Songs From Richmond Avenue
Until recently that was good enough for our storyteller, a journalist of questionable work ethic, who undergoes an epiphany following a bus stop meeting with pretty Michelle, a woman he declares has “skin so perfect I doubted she even had pores.”
Could she be his redemption? Maybe, but first he’d better contend with her baseball bat-wielding former beau, her nihilistic stripper roommate and the suspicious death of a friend, who fancies himself the father of Brute Generation poetry.
Mostly satire, often wildly unpredictable, the only real long shot in Songs From Richmond Avenue would be for its protagonist to put down his beer long enough to learn anything of true value.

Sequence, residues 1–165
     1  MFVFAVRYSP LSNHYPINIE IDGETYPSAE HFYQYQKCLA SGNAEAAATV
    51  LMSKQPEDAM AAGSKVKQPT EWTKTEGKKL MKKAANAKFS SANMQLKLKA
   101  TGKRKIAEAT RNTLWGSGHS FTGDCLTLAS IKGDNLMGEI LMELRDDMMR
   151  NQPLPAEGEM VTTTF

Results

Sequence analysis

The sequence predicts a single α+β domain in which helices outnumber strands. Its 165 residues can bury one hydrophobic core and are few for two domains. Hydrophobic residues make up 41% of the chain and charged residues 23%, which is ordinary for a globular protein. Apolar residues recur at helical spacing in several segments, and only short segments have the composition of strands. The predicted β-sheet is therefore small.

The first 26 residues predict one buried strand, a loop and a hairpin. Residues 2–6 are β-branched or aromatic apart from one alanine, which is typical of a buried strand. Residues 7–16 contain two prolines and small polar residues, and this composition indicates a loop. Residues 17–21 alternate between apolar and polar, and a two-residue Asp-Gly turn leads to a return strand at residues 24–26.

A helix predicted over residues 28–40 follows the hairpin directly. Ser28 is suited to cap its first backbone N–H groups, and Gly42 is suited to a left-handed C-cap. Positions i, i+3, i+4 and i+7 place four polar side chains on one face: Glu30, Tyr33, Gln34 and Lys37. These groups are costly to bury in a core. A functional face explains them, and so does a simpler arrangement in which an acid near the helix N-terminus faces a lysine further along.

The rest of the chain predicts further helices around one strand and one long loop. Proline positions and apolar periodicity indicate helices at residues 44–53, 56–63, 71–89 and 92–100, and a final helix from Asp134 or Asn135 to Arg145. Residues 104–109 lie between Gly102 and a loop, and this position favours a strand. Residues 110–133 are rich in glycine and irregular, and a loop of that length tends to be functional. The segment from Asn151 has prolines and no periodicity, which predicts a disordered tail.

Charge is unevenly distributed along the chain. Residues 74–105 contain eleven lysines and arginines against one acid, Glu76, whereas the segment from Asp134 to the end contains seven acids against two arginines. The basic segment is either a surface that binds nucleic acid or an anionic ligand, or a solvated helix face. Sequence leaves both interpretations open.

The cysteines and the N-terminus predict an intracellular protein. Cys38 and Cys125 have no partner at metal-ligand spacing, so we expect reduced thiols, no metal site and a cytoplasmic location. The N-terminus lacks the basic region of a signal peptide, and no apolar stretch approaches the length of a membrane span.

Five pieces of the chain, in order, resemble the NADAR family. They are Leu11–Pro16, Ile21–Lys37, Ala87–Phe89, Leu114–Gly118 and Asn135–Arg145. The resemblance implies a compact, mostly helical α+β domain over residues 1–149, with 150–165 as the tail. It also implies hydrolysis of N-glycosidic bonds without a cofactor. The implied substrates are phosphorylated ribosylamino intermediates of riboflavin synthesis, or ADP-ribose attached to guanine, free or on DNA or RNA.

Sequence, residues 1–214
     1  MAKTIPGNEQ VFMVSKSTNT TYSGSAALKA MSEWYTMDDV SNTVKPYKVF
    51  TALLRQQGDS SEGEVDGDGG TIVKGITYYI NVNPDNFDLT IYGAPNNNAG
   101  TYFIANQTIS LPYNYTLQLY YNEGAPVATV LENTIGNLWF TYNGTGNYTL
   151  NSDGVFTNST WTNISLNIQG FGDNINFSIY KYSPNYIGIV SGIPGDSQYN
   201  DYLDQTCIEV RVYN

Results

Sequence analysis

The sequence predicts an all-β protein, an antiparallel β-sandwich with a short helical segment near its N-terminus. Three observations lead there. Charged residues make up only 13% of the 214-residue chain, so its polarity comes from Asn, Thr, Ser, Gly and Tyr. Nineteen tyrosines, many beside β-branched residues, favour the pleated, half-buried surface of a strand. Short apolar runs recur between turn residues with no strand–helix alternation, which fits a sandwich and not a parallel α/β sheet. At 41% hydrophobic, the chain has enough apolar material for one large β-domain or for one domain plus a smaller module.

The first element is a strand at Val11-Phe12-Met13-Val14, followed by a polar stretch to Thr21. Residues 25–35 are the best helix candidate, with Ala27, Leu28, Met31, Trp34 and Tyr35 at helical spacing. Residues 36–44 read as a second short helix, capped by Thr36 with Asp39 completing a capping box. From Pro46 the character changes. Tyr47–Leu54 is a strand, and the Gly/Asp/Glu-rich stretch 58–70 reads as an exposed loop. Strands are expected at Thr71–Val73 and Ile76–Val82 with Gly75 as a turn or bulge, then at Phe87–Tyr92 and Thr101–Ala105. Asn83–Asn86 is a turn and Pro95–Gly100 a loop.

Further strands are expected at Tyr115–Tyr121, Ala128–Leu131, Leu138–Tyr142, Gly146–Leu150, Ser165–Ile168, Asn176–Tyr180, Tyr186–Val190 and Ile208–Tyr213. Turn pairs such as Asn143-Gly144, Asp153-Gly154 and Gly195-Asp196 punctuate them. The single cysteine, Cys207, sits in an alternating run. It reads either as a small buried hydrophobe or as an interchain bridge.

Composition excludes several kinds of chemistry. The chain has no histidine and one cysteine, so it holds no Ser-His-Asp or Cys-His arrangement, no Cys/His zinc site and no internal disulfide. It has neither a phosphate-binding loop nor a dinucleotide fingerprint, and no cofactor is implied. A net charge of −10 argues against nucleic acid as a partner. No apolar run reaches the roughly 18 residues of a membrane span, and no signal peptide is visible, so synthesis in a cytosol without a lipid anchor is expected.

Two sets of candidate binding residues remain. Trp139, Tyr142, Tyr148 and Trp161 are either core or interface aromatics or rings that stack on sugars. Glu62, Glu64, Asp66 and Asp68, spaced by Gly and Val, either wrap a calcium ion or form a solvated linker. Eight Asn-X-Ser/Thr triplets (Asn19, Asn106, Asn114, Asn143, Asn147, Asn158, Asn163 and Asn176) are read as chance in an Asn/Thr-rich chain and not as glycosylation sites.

Michael Reed is a Texas journalist, meaning he lives in inexpensive apartments and drives paid-for used cars. He does not have a wife or children, which is probably best for all concerned, and has never owned a washer or drier, something he takes great pride in. This is the Southern Illinois University graduate’s first novel.
Review By Michael P. Hartnett